I Was a Zen Drop-out
The Jehovah’s Witnesses had been circling for weeks, leaving pamphlets on “Godly Parenting” and “True Wealth”. Could they smell my spiritual decay? My husband finally explained to them that we were Buddhists and didn’t want to learn more about God’s exciting plan for our lives. I hadn’t been able to say it. I would stare at their brittle smiles and almost say it, but whenever my husband said “Buddhist,” I’d sink back into “whatever that means.”
The trouble was that I was a Zen dropout. I used to practice with all my heart. Then one day I picked up my kapok cushion and ran away.
When I was 23, I became the Buddhist Chaplain at a prominent women’s college outside of Boston. As a Zen Buddhist convert with just two years of practice behind me I was to be a spiritual guide for the college’s Buddhist community, and the representative of Buddhism to others on campus.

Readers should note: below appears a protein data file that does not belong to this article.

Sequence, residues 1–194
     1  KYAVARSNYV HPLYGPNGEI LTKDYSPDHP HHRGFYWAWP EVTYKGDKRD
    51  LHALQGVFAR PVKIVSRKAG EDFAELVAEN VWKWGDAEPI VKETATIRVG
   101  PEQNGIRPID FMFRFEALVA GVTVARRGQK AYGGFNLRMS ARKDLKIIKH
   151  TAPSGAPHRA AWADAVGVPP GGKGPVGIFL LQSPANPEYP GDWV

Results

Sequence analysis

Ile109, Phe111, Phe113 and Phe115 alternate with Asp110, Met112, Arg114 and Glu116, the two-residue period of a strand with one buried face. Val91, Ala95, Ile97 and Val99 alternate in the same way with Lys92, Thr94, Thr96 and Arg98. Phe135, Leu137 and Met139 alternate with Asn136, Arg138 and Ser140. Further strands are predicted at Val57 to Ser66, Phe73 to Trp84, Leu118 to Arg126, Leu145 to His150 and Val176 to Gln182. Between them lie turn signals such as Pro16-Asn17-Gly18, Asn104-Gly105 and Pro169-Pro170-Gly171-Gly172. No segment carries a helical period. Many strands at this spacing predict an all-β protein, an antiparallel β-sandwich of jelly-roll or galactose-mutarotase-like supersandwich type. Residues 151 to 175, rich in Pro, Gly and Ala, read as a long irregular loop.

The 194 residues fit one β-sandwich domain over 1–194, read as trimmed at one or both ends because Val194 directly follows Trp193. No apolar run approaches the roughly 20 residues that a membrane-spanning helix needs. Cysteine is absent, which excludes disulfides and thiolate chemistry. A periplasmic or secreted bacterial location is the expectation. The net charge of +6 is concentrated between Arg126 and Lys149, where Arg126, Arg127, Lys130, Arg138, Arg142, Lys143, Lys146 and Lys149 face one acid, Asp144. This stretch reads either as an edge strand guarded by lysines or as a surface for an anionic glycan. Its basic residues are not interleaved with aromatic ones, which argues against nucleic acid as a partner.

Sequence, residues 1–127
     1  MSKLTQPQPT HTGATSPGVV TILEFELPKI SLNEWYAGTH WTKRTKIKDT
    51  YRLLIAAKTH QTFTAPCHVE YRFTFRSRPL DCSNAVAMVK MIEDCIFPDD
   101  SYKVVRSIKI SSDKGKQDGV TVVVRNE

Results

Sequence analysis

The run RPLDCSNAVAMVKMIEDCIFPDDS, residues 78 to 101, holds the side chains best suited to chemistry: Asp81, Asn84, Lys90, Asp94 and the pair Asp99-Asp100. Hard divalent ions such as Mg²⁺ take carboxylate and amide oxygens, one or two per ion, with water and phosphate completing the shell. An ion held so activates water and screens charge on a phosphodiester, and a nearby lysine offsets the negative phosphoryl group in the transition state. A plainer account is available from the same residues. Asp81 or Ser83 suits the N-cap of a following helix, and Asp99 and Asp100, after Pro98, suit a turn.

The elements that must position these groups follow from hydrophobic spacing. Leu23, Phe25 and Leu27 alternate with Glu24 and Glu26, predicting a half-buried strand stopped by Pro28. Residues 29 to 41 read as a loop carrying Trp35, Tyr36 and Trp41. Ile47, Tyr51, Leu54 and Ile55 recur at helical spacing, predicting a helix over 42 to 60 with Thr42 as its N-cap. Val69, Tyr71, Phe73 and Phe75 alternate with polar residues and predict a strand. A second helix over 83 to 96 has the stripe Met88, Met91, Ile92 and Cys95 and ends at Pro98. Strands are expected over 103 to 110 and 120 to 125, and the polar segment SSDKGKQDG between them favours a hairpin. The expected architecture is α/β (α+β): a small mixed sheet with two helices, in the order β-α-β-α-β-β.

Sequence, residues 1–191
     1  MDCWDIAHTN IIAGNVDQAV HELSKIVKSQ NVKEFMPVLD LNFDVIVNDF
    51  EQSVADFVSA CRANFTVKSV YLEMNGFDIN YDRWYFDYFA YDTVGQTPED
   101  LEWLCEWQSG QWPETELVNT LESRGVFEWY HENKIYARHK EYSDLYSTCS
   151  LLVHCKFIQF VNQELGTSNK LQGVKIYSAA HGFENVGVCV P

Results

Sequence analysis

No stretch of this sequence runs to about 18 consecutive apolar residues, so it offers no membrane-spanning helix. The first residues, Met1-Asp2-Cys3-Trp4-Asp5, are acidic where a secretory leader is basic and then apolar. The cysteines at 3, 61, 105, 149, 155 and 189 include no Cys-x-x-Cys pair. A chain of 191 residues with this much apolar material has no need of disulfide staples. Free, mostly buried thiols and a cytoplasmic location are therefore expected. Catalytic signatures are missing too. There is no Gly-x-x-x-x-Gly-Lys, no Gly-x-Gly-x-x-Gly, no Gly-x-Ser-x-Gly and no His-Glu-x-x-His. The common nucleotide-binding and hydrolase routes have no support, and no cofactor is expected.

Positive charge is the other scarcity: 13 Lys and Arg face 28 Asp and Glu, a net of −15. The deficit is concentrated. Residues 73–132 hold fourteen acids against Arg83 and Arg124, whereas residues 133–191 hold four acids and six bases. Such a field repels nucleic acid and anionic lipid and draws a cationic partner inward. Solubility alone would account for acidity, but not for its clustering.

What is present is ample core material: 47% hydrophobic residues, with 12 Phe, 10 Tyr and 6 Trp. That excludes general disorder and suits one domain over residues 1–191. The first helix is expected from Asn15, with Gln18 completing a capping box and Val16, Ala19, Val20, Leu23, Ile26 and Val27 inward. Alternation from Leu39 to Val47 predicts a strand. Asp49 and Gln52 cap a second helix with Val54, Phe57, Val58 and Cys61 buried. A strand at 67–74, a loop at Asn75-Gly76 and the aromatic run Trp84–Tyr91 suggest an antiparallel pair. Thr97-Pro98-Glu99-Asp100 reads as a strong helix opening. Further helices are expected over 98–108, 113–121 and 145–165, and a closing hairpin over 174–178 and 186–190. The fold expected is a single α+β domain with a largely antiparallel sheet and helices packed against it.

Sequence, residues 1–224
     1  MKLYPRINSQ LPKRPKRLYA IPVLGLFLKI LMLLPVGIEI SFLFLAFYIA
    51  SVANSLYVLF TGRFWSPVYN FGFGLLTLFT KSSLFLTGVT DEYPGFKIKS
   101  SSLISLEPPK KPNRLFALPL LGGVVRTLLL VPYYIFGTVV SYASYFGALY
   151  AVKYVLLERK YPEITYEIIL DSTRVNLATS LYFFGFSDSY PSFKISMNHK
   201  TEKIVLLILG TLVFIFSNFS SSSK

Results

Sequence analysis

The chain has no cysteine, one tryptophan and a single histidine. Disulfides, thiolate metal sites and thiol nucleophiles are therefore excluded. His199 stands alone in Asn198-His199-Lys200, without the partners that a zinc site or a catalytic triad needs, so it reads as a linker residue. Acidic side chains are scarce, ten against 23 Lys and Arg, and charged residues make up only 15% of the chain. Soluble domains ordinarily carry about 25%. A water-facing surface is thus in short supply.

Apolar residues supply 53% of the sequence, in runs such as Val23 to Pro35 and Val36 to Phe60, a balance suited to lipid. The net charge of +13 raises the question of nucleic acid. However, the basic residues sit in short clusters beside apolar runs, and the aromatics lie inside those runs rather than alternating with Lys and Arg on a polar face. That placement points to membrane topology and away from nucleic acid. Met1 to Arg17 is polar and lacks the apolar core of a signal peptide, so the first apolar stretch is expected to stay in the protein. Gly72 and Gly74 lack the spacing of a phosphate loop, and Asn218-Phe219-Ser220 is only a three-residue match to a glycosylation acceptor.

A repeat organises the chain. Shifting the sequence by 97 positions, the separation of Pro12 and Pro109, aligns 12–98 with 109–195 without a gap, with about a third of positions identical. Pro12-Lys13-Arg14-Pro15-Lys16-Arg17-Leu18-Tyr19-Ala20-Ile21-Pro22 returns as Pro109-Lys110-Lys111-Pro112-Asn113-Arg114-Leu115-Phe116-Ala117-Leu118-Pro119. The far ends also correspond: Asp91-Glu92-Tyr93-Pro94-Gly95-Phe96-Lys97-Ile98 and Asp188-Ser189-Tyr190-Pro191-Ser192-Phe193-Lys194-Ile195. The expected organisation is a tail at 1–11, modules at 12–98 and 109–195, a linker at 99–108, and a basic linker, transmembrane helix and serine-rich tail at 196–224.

This unlikely ascension had far more to do with my personality than my practice. As a kid, I’d had an unusually developed will-to-power, always calling the rope-skipping rhymes on the playground. That quality got me to the Ivy League from a working class family with no other college graduates. But I cracked after two years in the place, a hot egg in cold water.
When I emerged from the Xanax trance during my junior year, I found that I was drawn to Zen Buddhism. At the first “dharma talk” that I attended, the Zen Master said, “We’re not trying to be good Christians here.” That was a relief. Zen didn’t want me to be nice or strong or great. Just real. Of course, I couldn’t help trying just a little secret bit to be the best Zen Buddhist. A professional-grade Buddhist. Had I possessed a hardier constitution, I might have applied my ambition to a career at the State Department. Instead, I put it into my spiritual salvation.
After graduation, I went straight to Korea, shaved my head, and entered into a rigorous traditional Zen retreat. I told my bewildered parents, “This isn’t so much an immense gap in my résumé as it is a career training period.” I attacked the retreat with the ardor of a convert, performing thousands of prostrations and learning to love kimchee.